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"Room For One More" appeared in the final combined issue of Whispers and Weirdbook. It is a chilling tale from inside the bowels of the veterans hospital system. Far darker even than "Leg," it is a notable addition to Avram's many stories on retirement and the fate of senior citizens (others include "A Quiet Room with A View" and "Mr. Folsom Feels Fine.").

Grania Davis sends several publishing news items :
A Russian language edition of  Marco Polo and the Sleeping Beauty, by Avram Davidson and Grania Davis has been published by Azbooka Publishers in St. Petersburg, Russia. The translation is by Dmitri Starkov. The first print run of this edition was 30,000 copies. Russian litterateur and agent for the estate Serge Barros negotiated the transaction.

"Vergil and the Dukos" will be published in the November issue of Asimov's Science Fiction. (Editor's note: This Vergil Magus story was originally entitled "Hic Inclusus Vitam Perdit, or The Imitations of the King.")

"The Cobblestones of Saratoga Street" has been reprinted in the anthology Death in Dixie, Eds. Mosiman and Greenberg (Rutledge Hill Press).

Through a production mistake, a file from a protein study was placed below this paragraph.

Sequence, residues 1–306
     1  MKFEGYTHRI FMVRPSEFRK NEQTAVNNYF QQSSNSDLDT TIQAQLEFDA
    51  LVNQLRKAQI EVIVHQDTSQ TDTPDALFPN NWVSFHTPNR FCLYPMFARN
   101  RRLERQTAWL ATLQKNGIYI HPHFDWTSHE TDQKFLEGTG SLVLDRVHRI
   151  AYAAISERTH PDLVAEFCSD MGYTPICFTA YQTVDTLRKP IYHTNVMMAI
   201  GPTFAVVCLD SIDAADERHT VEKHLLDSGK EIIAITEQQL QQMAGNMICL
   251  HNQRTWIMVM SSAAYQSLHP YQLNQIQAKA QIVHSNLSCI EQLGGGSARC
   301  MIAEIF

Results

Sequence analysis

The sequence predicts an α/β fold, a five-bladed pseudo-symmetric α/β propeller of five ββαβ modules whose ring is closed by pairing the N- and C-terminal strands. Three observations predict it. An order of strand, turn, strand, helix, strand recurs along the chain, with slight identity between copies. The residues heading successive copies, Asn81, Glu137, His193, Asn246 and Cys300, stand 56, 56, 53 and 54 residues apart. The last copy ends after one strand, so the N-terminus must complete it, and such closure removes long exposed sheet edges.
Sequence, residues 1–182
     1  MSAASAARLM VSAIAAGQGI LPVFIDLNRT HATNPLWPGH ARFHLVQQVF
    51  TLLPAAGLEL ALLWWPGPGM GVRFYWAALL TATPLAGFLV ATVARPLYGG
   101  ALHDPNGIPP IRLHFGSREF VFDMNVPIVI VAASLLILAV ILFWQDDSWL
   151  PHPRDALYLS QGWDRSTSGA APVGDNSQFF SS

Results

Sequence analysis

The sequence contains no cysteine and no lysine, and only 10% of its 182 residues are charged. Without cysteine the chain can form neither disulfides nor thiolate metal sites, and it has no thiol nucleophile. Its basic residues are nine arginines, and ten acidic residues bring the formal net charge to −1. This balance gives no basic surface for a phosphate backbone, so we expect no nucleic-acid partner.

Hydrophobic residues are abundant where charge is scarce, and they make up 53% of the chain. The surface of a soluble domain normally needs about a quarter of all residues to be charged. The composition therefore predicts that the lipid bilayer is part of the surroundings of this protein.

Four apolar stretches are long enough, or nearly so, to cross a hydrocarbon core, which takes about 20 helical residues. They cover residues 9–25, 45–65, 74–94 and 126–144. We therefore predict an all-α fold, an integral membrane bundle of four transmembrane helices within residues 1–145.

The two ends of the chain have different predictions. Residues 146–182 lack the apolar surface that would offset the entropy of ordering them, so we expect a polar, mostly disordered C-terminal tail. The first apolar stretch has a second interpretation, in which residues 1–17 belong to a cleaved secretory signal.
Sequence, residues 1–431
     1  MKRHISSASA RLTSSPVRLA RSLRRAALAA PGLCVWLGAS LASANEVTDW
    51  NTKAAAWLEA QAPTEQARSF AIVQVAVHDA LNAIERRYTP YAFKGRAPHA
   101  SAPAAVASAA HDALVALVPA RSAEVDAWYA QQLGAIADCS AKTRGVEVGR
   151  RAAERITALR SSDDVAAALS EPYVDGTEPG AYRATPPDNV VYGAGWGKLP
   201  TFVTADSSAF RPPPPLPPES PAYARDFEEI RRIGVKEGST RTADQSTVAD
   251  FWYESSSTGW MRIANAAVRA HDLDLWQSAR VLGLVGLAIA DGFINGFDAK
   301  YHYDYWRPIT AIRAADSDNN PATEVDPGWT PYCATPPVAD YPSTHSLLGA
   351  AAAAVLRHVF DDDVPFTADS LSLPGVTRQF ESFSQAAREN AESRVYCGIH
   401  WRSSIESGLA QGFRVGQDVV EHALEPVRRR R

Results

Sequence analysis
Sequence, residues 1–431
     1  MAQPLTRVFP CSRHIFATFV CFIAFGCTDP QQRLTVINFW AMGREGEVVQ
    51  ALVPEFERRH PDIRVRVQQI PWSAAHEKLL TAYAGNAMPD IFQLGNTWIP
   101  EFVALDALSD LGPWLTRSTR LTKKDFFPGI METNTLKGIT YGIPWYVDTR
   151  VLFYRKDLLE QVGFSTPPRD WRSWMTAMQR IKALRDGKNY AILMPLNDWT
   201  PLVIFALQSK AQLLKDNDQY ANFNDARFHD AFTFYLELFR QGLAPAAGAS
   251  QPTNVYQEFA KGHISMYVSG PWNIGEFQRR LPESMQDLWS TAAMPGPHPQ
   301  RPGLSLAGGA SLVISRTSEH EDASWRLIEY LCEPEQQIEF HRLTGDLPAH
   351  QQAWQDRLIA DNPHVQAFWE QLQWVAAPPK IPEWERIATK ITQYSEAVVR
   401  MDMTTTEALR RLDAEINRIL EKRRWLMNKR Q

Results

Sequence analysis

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continued from Vol.I, No.6

David Langford, writing from England, sheds new light on aspects of "The Stone That the Builders Rejected," and provides chapter & verse for the quotation Avram alluded to in the title:

Gosh, one I can answer at last! It's from Luke 20:17 in the King James Bible.
Furthermore ... this practice [of ritual murder during construction] goes (or has been said to go) back a long way. I have seen it suggested that the jingle "London Bridge is falling down" alludes to it. After various suggestions for saving the bridge ("Build it up with bars of iron"), all rejected as flawed ("Bars of iron will bend and break") there comes "Set a man to watch all night" -- which in its literal sense is obviously of no practical use, but perhaps if he were built into the foundations as a sacrifice....